During the Korean War, extensive propaganda from the Soviet Union and China accused the United States of using biological weapons in Korea. Documents declassified in recent years show that although the United States attempted to accelerate and acquire biological weapons during the war, the effort to create a viable weapons program was unsuccessful.30 After the war, the program expanded with the Cold War and competition with the Soviet Union. A facility built at Pine Bluff, Arkansas, for large-scale fermentation, concentration, storage and weaponization of microorganisms began production in 1954. Human experimentation using military and civilian volunteers started in 1955. Biological bombs were detonated inside a one-million-liter hollow metallic spherical aerosolization chamber at Fort Detrick, Maryland, known as “the 8 ball.”31 An open-air testing site was built at Dugway Proving Ground in Utah. In May 1962, the army created a biological and chemical warfare coordinating organization, the Deseret Test Center, located at Fort Douglas, Salt Lake City, Utah. This center served as the headquarters for the biological warfare test operation. The United States carried out as many as 239 open-air trials between 1949 and 1969. Among them, American cities were unknowingly used as laboratories to test aerosols and dispersal methods; the test sites included tunnels on the Pennsylvania Turnpike.32 These field tests were carried out with harmless microbes that simulated the behavior of biological warfare. In the 1950s, an American program known as St. Jo developed and tested bombs and delivery methods for possible wartime use of anthrax weapons against Soviet cities. One hundred seventy-three test releases were made of noninfectious aerosols in Minneapolis, St. Louis and Winnipeg, Canada, cities chosen to have approximately the same climate, urban and industrial development and topography as Soviet cities. The weapon to be used was a cluster bomb holding 536 biological bomblets, each containing thirty-five milliliters of anthrax spore slurry and a small explosive charge.33Much more ambitious tests with live agents were used in sea trials carried out in 1965 and 1968 against monkeys as targets on ships and islands in the Pacific Ocean. The 1968 test showed that a single airborne dissemination tank could disperse a virulent infectious agent over nearly a thousand square miles.34 British trials using simulants between 1963 and 1969 also showed that if released by a ship or airplane along a hundred-mile-long line, significant concentrations of bacterial aerosol had passed more than fifty miles inland after a few hours. The trials confirmed that aerosolized bacteria could remain viable for several hours in the open, with 80 percent of the population infected up to forty miles, and half the population infected between forty and eighty miles inland.35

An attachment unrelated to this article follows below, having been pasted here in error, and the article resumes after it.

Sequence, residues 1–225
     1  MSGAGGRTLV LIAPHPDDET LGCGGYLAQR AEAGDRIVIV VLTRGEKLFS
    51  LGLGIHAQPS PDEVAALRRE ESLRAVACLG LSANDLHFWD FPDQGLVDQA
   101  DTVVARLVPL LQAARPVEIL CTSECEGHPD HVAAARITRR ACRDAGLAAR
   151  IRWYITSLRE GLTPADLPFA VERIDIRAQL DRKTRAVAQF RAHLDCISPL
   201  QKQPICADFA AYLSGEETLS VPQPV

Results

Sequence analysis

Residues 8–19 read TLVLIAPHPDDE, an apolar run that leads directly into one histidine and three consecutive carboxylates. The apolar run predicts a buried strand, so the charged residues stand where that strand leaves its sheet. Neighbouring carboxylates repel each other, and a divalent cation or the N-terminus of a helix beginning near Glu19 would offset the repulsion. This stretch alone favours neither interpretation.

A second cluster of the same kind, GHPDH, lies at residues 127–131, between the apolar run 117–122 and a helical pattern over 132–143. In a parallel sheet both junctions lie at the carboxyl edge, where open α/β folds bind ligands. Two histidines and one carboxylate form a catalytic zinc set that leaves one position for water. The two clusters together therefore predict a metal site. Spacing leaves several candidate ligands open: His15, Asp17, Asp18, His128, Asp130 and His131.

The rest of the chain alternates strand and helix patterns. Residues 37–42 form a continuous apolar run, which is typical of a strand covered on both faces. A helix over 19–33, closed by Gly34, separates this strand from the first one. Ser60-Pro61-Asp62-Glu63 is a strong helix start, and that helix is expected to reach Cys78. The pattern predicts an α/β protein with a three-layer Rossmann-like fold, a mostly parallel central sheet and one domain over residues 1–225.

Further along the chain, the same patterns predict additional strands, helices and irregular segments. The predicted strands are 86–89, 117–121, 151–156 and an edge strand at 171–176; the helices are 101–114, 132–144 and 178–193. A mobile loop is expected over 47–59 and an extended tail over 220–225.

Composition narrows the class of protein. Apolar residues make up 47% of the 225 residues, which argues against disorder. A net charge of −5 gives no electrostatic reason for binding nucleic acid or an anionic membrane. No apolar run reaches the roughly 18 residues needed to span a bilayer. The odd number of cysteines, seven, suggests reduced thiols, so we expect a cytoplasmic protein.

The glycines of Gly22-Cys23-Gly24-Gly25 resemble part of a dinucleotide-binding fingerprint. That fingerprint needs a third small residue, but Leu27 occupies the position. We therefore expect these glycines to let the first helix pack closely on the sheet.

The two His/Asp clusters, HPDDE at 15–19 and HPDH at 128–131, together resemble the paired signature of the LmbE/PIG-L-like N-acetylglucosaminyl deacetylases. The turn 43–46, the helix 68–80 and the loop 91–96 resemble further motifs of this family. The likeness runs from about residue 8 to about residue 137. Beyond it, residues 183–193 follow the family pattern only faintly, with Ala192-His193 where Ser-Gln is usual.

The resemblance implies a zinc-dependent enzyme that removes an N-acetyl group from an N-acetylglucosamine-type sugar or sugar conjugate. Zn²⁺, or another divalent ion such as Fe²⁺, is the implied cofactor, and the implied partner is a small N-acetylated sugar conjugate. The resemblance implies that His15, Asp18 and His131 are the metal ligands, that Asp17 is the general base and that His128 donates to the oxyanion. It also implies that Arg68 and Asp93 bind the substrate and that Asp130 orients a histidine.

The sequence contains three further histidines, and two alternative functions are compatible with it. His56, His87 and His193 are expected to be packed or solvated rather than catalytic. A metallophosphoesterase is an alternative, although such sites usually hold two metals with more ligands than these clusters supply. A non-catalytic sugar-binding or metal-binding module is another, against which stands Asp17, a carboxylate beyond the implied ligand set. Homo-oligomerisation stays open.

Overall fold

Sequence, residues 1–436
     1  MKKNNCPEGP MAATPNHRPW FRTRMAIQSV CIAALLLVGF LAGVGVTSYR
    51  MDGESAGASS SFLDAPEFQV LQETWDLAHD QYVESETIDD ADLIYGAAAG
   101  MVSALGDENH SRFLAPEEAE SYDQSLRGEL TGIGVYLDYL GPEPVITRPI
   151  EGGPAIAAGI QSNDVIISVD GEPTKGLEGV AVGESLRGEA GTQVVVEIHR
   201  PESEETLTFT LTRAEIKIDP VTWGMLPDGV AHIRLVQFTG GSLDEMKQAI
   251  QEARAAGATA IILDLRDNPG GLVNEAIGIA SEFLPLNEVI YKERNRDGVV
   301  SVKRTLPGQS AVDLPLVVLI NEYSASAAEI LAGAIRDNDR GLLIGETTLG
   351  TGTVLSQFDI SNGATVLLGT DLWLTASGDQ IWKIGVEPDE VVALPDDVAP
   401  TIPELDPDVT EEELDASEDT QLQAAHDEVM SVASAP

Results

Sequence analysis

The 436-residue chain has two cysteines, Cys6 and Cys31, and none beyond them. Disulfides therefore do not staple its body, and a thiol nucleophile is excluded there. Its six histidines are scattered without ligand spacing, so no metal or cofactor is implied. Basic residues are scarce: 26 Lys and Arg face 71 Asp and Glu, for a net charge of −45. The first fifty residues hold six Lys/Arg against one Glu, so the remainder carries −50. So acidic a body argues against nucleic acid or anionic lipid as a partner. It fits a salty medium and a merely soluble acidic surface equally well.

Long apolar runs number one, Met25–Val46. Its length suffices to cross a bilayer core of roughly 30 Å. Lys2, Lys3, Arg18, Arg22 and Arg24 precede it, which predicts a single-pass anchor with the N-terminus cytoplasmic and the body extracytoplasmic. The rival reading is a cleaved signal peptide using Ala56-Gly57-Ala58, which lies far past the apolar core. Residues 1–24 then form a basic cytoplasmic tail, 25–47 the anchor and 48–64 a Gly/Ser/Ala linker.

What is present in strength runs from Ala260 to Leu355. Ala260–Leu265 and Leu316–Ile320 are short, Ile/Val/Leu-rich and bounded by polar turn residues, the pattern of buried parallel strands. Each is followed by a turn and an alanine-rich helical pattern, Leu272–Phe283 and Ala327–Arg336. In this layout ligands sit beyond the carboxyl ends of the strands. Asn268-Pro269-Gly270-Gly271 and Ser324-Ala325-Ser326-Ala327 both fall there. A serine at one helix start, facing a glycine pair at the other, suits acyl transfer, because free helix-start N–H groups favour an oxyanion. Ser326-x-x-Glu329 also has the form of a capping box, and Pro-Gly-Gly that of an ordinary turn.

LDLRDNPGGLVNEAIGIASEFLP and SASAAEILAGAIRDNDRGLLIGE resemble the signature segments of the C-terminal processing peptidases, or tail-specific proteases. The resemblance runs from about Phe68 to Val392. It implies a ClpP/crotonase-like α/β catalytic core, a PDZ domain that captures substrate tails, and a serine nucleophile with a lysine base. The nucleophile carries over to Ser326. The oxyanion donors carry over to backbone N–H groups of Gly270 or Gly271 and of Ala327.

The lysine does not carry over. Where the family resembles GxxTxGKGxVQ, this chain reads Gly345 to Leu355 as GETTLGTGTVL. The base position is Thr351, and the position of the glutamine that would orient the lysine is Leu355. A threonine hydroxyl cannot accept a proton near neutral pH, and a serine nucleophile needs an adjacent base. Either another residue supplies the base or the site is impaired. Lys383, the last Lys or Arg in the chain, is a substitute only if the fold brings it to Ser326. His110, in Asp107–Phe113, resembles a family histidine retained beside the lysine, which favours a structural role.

There was growing concern among scientists about the use of chemical and biological weapons in war. On February 14, 1967, some five thousand scientists, including seventeen Nobel Prize winners and 129 members of the U.S. National Academy of Sciences, asked President Lyndon Johnson in a petition to “re-establish and categorically declare the intention of the United States to refrain from initiating the use of chemical and biological weapons.” Among those who organized the effort were Matthew Meselson, professor of molecular biology at Harvard University. The petition prompted a White House effort to draft a statement saying the United States would not be the first to use biological weapons in the future, but the military objected, and Johnson never issued the statement.36
Then came an accident. It involved a chemical weapons test but had much broader repercussions. At 5:30 P.M. on Wednesday, March 13, 1968, an air force jet roared over a circular target grid laid out at Dugway Proving Grounds on the Utah desert floor and sprayed 320 gallons of the lethal nerve gas VX. As the plane zoomed up, a valve failed to close. The deadly VX continued to pour from the plane, was picked up by wind gusts and spread as far as forty-five miles away. Within three days, thousands of sheep in the Skull and Rush valleys were sickened or died.37 The incident came to light only a year later when revealed in a television newsmagazine broadcast.38 Representative Richard McCarthy, a Democrat of Buffalo, New York, who saw the broadcast, began to challenge the army, angered by the secrecy surrounding chemical and biological weapons. “The rule seemed to be: tell as little as possible, and if you get caught in a mistake, fabricate your way out of it,” McCarthy said. Although some scientific research results from the U.S. program were openly published, there were also secret parts, including the Pacific Ocean field tests.